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Nature. 2017 Mar 16;543(7645):443-446. doi: 10.1038/nature21695. Epub 2017 Mar 1.

Cytosolic proteostasis through importing of misfolded proteins into mitochondria.

Author information

1
Center for Cell Dynamics, Department of Cell Biology, Johns Hopkins University School of Medicine, 855 North Wolfe Street, Baltimore, Maryland 21205, USA.
2
Department of Chemical and Biomolecular Engineering, Whiting School of Engineering, Johns Hopkins University, Baltimore, Maryland 21218, USA.
3
Stowers Institute for Medical Research, 1000 East 50th Street, Kansas City, Missouri 64110, USA.

Abstract

Loss of proteostasis underlies ageing and neurodegeneration characterized by the accumulation of protein aggregates and mitochondrial dysfunction. Although many neurodegenerative-disease-associated proteins can be found in mitochondria, it remains unclear how mitochondrial dysfunction and protein aggregation could be related. In dividing yeast cells, protein aggregates that form under stress or during ageing are preferentially retained by the mother cell, in part through tethering to mitochondria, while the disaggregase Hsp104 helps to dissociate aggregates and thereby enables refolding or degradation of misfolded proteins. Here we show that, in yeast, cytosolic proteins prone to aggregation are imported into mitochondria for degradation. Protein aggregates that form under heat shock contain both cytosolic and mitochondrial proteins and interact with the mitochondrial import complex. Many aggregation-prone proteins enter the mitochondrial intermembrane space and matrix after heat shock, and some do so even without stress. Timely dissolution of cytosolic aggregates requires the mitochondrial import machinery and proteases. Blocking mitochondrial import but not proteasome activity causes a marked delay in the degradation of aggregated proteins. Defects in cytosolic Hsp70s leads to enhanced entry of misfolded proteins into mitochondria and elevated mitochondrial stress. We term this mitochondria-mediated proteostasis mechanism MAGIC (mitochondria as guardian in cytosol) and provide evidence that it may exist in human cells.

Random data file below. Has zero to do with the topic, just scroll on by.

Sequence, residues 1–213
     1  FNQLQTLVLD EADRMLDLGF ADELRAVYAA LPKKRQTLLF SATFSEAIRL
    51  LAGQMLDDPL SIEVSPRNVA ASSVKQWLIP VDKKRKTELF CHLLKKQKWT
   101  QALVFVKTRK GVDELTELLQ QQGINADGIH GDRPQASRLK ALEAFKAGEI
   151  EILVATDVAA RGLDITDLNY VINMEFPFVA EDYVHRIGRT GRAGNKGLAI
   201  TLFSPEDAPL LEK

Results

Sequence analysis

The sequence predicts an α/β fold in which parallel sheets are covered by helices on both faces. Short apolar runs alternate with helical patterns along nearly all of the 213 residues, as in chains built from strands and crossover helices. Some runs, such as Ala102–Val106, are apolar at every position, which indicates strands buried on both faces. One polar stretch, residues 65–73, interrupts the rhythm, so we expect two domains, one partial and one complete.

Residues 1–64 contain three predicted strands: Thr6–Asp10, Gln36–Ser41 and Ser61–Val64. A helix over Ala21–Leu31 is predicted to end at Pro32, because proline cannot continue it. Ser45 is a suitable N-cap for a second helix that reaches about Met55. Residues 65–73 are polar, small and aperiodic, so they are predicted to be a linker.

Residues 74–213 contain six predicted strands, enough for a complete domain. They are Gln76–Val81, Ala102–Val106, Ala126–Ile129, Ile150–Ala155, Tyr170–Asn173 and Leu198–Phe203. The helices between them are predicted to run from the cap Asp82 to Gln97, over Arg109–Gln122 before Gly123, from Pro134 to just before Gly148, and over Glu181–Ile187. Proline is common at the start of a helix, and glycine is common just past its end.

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PMID:
28241148
PMCID:
PMC5793917
DOI:
10.1038/nature21695
[Indexed for MEDLINE]
Free PMC Article

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